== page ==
Tuesday, April 16, 2013

What to read when you're writing about drug dealing

For more than a year now, I've been working on a series about Belton Platt, a former Charlotte cocaine dealer known in the 1980s as Money Rock. (Read it at charlotteobserver.com/moneyrock.)

Most of my information has come via public documents and interviews. But I've also been reading about drug dealing, urban America and Charlotte's history to better understand Money Rock's life and times.

I learned in "Gang Leader for a Day: A Rogue Sociologist Takes to the Streets" (Penguin Press; 2008), for instance, that there's no single business model for selling cocaine and crack. Sudhir Venkatesh, now a Columbia University professor, was a geeky University of Chicago graduate student attempting a sociological survey in Chicago's Robert Taylor Homes when he stumbled upon members of a crack-selling gang known as the Black Kings. With the blessing of one of the gang's leaders, he embedded himself with gang members.

While Money Rock's cocaine operation was a locally-grown business, the Black Kings were more  a multi-state corporation, complete with a board of directors that held periodic meetings at a Chicago mansion. J.T., the college-educated middle manager who plays a starring role in the book, supervised about 200 men.

Venkatesh's book also explores the symbiotic relationship between gang members, administrators and residents of the now-demolished housing project. In the project, where police often didn't show up when called, the gang functioned as law enforcement, social services and local government. Like Money Rock, J.T. saw himself as a philanthropist: "He gave money to some local youth centers for sports equipment and computers. He willingly loaned out his gang members to Robert Taylor tenant leaders, who deployed them on such tasks as escorting the elderly on errands or beating up a domestic abuser."

 Closer to home, Tom Hanchett's "Sorting Out the New South City: Race, Class, and Urban Development in Charlotte, 1875-1975" (University of North Carolina Press; 1998), showed me how inner-city Charlotte of the 1980s came to be.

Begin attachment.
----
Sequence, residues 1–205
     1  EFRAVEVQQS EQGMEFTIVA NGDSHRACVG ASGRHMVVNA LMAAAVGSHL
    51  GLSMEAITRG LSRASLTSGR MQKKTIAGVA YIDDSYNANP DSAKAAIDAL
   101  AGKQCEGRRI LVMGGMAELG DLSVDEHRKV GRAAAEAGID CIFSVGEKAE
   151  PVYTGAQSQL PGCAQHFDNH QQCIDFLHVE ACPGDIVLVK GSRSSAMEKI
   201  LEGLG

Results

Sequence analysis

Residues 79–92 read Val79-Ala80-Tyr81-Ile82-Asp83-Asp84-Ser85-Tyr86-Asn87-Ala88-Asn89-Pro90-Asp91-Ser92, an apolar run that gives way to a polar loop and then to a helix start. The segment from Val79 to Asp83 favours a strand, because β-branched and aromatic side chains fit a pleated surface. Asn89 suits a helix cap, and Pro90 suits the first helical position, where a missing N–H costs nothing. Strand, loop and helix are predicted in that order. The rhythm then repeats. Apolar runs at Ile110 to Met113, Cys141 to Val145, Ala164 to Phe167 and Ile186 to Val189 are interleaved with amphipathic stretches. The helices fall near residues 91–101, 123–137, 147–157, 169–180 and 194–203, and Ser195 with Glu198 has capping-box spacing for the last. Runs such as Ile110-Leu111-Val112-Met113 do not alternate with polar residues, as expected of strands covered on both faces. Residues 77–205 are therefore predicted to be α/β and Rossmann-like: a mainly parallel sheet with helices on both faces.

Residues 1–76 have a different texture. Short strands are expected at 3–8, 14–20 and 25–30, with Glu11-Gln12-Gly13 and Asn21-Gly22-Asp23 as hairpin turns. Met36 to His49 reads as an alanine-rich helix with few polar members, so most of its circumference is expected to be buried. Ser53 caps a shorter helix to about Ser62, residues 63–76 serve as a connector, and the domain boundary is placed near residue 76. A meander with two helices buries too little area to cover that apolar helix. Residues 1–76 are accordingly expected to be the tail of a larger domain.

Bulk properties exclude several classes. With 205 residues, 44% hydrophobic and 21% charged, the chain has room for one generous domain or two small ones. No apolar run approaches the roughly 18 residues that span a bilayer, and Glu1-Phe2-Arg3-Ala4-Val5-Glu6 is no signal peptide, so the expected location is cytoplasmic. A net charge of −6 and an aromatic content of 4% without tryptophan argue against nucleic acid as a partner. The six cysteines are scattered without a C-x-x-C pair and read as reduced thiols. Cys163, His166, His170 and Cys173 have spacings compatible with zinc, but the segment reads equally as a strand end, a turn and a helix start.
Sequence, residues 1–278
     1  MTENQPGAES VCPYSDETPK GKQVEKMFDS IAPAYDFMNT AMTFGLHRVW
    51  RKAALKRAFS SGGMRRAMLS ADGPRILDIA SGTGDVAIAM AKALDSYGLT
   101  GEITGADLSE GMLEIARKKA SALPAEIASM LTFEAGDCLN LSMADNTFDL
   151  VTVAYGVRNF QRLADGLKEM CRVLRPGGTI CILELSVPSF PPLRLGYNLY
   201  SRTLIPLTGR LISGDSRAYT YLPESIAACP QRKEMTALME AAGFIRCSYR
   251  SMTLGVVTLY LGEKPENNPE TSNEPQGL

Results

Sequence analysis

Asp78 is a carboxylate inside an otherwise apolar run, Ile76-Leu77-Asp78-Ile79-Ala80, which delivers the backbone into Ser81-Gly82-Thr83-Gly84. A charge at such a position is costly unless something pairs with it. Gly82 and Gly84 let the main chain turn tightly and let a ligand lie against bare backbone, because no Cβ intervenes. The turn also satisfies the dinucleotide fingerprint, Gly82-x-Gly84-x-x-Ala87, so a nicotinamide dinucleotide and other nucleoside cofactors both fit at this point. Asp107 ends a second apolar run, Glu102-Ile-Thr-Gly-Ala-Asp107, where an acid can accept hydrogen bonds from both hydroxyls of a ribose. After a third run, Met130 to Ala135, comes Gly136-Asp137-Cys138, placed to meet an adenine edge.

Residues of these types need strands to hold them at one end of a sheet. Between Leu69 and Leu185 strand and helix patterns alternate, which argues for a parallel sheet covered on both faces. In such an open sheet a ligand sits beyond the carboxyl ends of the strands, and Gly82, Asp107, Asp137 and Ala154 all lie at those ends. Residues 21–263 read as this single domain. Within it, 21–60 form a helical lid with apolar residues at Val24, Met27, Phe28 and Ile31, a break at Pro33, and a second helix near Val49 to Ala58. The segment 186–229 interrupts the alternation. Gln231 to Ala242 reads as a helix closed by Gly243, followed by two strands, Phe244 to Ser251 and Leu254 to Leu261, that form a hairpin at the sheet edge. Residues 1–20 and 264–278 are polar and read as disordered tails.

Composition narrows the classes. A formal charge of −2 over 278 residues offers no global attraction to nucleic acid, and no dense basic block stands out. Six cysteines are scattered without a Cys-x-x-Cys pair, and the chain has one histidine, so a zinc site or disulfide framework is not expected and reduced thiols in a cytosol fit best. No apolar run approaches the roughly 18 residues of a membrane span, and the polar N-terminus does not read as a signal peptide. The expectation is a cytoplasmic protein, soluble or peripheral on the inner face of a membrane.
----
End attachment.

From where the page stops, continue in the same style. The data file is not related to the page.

Hanchett, historian at the Levine Museum of the New South, explains that Charlotte actually grew more segregated from the 1940s to the 1970s. He attributes this sharpening of race and class segregation to federal programs and policies that reshaped cities and often promoted racial and economic homogeneity.

Among those policies was urban renewal. Congress launched the program under the federal Housing Act of 1949 to replace slum housing with affordable new residences. But bit by bit, special interests changed the rules so that local governments could tear down “blighted” neighborhoods – “blighted” being a term defined by those in power – and replace the housing with government buildings, hotels or whatever they deemed a better use.

 Charlotte's urban renewal efforts bulldozed several African-American communities. The largest and best known, a once-vibrant neighborhood called Brooklyn, is now the site of government and office buildings, a hotel and a park. Urban renewal, which came to be known among black Americans as “Negro removal,” destroyed 1,480 structures in Brooklyn, including restaurants, small businesses and twenty-eight churches.

Poor residents forced to move from urban renewal areas ended up in other neighborhoods. You could argue that urban renewal basically created new slums in different places. And those impoverished areas were often the places where Money Rock sold his cocaine.

In "Rosa Lee: A Mother and Her Family in Urban America" (Plume; 1996), I saw how one person's story can illuminate broad societal issues. Leon Dash's protagonist is Rosa Lee Cunningham, an illiterate heroin addict and former prostitute who lived in Washington D.C.

 Rosa Lee, who teaches her grandson to shoplift and sells drugs when she's desperate for money, is, at first blush, one of the most flawed characters you'll ever encounter. But Dash delves into Rosa's past and explores the culture in which she was raised to help explain why urban poverty persists through generations.
Dash succeeds, I would argue, and by the book's end, readers see Rosa not as a stereotype, but as a three-dimensional figure, and a sympathetic one at that.

After Part 1 of my series ran this past weekend, several readers commenting on my story faulted what they viewed as favorable coverage about a former cocaine dealer. Drug dealers destroy lives, they pointed out. And they are correct.

I'll say a couple things about that. First, keep reading. I'm not glorifying Money Rock. But by the end of the story, I think you'll see I've portrayed Belton Platt fully. He was not the world's worst person when he was a drug dealer. He's not perfect now that he's a minister. People are complicated. I also hope you'll end up pondering some of the same questions I've asked as I've researched this story. Like, why did a kid with potential see cocaine as his best chance for success?

1 comments:

Anonymous said...

One could write a thesis and earn an anthropological degree and never stray 1 mile from Beatties Ford Road and West Blvd.